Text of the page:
Course Syllabus

Meaning of Style B

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Semester & Location:

Spring 2020 - DIS Copenhagen

Type & Credits:

Elective Course - 3 credits

Major Disciplines:

Communication, Fashion Studies, Sociology

Faculty Members:

Jeppe Ugelvig

Program Coordinator:

Katrine Trolle - ktr@dis.dk 

Time & Place:

Mondays and Thursdays, 10.05-11.25

Nørregade N7-B11

Course Description

Humans have always worn garments to shelter us from the elements, and as history has progressed these garments have become loaded with meaning. Today, fashion is essential in the creation of identity.  We use dress to express our individuality or to fit in. Subcultures have specific looks, special occasions require a certain type of dress, and the media is always chasing the latest trend.

In the course we will explore how fashion and dress can be interpreted. We will study the cultural history of fashion in depth (c. 1500-present), and the place of fashion in today’s world, complemented by field studies. So join us on this journey through the ever-changing world of fashion.

Course Objectives

  • To develop a critical understanding of fashion and its intersections with identities, histories, narratives, and cultures in the contemporary world
  • To equip students to analyze and interpret style
  • To introduce students to the cultural history of fashion, and the existing research, research methods and theories.

Course Instructor

Jeppe Ugelvig (b. 1993) is a curator and cultural critic based in New York and London. His research focuses on histories and theories of cultural production.

Jeppe completed his undergraduate degree Communication, Curation, Criticism at Central Saint Martins in 2016, and his MA degree at the Center for Curatorial Studies, Bard College, in 2018.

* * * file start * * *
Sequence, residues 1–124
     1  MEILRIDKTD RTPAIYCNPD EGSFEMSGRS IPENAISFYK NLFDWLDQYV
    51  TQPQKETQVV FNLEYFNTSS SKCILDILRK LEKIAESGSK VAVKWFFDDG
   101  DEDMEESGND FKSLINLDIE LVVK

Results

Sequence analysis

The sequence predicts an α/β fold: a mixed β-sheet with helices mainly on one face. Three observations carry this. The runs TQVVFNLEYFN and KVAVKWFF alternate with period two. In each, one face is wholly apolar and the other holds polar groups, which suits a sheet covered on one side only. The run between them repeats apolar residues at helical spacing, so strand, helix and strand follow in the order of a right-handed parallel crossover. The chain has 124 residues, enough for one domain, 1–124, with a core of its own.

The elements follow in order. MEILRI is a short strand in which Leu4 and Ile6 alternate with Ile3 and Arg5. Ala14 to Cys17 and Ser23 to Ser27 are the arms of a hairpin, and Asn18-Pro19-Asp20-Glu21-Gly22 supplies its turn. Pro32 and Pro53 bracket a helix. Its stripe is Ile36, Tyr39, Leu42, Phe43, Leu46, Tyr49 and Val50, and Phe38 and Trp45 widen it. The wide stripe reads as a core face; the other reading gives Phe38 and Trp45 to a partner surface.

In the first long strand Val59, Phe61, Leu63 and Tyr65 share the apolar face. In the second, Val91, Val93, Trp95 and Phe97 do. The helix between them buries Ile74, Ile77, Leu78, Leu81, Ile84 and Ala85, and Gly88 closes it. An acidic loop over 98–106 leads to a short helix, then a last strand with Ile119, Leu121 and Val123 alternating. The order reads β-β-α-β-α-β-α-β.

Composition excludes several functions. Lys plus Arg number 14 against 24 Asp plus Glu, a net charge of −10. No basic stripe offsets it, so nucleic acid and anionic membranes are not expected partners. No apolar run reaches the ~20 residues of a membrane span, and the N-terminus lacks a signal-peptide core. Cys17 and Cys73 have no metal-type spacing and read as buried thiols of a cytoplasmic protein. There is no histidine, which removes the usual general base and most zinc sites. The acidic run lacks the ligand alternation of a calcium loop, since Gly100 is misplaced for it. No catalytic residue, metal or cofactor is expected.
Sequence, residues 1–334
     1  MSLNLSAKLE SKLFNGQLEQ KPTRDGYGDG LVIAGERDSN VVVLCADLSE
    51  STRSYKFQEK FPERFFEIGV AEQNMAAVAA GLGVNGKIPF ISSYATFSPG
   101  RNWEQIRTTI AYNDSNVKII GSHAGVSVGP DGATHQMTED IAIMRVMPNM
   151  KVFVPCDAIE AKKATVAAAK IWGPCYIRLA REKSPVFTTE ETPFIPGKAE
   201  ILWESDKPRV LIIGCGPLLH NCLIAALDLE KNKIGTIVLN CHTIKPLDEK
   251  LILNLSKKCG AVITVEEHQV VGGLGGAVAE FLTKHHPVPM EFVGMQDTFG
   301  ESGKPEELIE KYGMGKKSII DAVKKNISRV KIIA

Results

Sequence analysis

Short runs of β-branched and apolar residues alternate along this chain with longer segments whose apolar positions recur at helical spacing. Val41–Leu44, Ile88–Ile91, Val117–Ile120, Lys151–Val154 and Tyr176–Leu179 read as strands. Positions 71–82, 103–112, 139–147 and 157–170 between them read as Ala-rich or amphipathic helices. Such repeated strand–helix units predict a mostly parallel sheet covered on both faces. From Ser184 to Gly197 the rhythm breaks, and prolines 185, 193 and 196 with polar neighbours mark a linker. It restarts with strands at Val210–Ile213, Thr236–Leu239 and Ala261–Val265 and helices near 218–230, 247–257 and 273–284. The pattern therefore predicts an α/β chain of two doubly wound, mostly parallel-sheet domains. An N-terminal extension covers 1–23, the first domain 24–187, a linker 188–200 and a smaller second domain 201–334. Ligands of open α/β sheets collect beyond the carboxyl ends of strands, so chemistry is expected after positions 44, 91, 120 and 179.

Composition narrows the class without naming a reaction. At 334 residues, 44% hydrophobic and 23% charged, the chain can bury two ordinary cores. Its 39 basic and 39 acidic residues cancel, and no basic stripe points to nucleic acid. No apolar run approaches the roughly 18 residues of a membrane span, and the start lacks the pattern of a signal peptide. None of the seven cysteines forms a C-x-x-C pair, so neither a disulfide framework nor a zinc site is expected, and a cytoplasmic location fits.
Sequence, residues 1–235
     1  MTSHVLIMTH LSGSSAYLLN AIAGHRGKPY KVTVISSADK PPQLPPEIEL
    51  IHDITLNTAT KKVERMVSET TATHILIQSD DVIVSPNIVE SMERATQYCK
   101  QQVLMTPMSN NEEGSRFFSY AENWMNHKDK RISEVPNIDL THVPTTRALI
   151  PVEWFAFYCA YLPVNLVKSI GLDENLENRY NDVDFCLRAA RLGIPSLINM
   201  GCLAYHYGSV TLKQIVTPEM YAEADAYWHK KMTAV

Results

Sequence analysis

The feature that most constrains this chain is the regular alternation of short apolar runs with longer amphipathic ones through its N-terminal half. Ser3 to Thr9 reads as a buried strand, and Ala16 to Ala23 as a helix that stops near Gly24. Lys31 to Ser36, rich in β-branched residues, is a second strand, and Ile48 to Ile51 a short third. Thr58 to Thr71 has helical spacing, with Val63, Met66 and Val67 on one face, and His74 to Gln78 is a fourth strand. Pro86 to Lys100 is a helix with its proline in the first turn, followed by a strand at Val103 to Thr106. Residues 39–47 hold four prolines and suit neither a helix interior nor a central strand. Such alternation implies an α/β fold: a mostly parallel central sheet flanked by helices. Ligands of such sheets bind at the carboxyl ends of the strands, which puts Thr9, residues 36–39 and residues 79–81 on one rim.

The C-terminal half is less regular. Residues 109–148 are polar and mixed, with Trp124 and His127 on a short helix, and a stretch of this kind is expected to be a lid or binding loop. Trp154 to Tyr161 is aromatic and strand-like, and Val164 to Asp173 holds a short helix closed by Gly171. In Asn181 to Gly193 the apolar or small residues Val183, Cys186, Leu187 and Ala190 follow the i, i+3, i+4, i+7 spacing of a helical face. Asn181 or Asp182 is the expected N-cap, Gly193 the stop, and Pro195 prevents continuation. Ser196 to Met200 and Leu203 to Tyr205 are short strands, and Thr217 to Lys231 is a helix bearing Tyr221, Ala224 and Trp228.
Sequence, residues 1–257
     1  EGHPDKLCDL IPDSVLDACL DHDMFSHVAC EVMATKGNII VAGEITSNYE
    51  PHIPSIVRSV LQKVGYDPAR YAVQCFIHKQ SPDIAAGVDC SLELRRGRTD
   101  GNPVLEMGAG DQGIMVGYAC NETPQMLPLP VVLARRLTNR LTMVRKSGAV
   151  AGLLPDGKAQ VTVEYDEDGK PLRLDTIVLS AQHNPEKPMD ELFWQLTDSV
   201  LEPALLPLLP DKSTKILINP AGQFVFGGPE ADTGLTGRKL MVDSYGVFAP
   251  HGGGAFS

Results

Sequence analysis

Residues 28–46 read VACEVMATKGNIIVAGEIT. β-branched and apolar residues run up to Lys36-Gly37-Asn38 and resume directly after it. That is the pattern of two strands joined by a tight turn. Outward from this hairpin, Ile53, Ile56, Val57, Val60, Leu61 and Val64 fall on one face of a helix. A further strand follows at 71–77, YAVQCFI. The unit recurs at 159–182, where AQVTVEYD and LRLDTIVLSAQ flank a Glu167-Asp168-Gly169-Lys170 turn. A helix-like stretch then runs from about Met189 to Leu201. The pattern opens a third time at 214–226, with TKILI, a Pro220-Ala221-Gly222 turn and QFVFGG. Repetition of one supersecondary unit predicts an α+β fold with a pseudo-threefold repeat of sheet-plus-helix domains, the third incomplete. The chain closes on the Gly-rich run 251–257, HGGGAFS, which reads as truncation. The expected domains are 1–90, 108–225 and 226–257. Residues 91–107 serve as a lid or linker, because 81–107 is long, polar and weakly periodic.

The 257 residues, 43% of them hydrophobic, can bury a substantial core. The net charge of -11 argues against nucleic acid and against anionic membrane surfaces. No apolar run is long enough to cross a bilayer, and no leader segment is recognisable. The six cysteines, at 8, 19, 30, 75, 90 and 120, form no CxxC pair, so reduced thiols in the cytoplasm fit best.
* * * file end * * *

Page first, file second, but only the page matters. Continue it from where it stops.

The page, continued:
Jeppe’s writing has appeared in Friezeparallax, ArtReviewAfterallFlash Art InternationalSpikeMousse and LEAP, amongst many others. He functions as the contributing editor of Wallet.

Jeppe has staged exhibitions in Hong Kong, New York, Berlin, London, Ramallah and Copenhagen, and lectured at Central Saint Martins, NYU, and Funen Art Academy.

His first book, Fashion Work: 25 Years of Art in Fashion is forthcoming in 2020.

Office and Office Hours

You are welcome to see me after class or set up an appointment at DIS. You may also communicate through the course site on Canvas. I will normally respond within 24 hours.

Readings

Arnold, Rebecca, Fashion. A very short Introduction, Oxford University Press 2009. ch. 2: Art.

Barnard, Malcolm, Fashion as Communication, Routledge 2001. ch.1: Etymologies and Definitions of Fashion and Clothing.

Barnard, Malcolm, Fashion as Communication, Routledge 2001. ch.4: Fashion, Clothing, and Meaning.

Barthes, Roland, Image, Music, Text, Fontana Press 1972. Rhetoric of the Image.

Bennet, Andrew & Royle, Nicholas, An introduction to litterature, criticism and theory, Routledge 1995. ch.28: Mutant.

Codero, Robert, Business of Fashion December 5, 2016, Li Edelcort: Fashion is Old Fashioned.

DeLong, Marily et. al., Fashion Theory vol. 9. Issue 1, Hooked on Vintage (optional).

Emerling, Jae, Theory for Art History, Routledge 2005, Ferdinand de Saussure.

Emerling, Jae, Theory for Art History, Routledge 2005, Pierre Bourdieu

Emerling, Jae, Theory for Art History, Routledge 2005, Roland Barthes

Joanne Entwistle, Fashion and the Fleshy Body: Dress as Embodied Practice, "Fashion Theory", 4:3, 323-347

Goodrum, Alison, The National Fabric, Berg Publishers 2005. Banal Nationalism: Reproducing the nation daily.

Hebdige, Dick, Subculture. The Meaning of Style, Routledge 1979. Subculture: The Unnatural Break. Two forms of incorporation.

Jeat, Matthew, The Fashion Handbook, Routledge 2006. The future for fashion.

McRobbie, Angela, Fashion as a Cultural Industry, Fashion Cultures: Theories, Explorations and Analysis, Routledge 2000.

Melchior, Marie Riegels, Catwalking the Nation: Challenges and Possibilities in the Case of the Danish Fashion Industry, Linköping University Press 2011.

Rhodes, Zandra & Rawsthorne, The Observer 23 July 2013, Is fashion a true art form?

Rocamora, Agnes, Fashioning the city. Paris, Fashion and the media, I.B. Tauris 2009. ch. 4: Paris. Capitale de la mode.

Sommerlund, Julie, Danish Fashion. Research, education, application, The Danish Design School Press 2011. Ideological Design (optional).

José Teunissen, Understanding fashion through the museum, Fashion and Museums: Theory and Practice, Marie Riegels Melcior and Birgitta Svensson (Ed.), Bloomsbuty Publishing 2014

Urbach, Henry, Closets, Clothes and Disclosure, MIT Press 1996.

Veblen, Thorstein, The Theory of the Leisure Class, Oxford University Press (1899) 2007, Dress as an Expression of Pecuniary Culture.

Vincent, Susan J., The Anatomy of Fashion. Dressing the Body from the Renaissance to Today, Berg Publishers 2009. ch. 1: Head and Neck.

Vincent, Susan J., The Anatomy of Fashion. Dressing the Body from the Renaissance to Today, Berg Publishers 2009. ch.3: Hips and Bottoms